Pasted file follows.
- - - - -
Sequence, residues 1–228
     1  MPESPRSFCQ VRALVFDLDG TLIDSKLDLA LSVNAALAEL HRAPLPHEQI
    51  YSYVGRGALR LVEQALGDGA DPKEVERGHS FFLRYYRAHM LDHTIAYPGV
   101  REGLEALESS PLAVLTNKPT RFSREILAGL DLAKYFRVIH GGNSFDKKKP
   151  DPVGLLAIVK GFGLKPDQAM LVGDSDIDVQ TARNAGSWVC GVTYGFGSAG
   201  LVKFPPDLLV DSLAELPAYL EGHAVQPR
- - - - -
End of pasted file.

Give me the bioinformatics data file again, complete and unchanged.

Sequence, residues 1–228
     1  MPESPRSFCQ VRALVFDLDG TLIDSKLDLA LSVNAALAEL HRAPLPHEQI
    51  YSYVGRGALR LVEQALGDGA DPKEVERGHS FFLRYYRAHM LDHTIAYPGV
   101  REGLEALESS PLAVLTNKPT RFSREILAGL DLAKYFRVIH GGNSFDKKKP
   151  DPVGLLAIVK GFGLKPDQAM LVGDSDIDVQ TARNAGSWVC GVTYGFGSAG
   201  LVKFPPDLLV DSLAELPAYL EGHAVQPR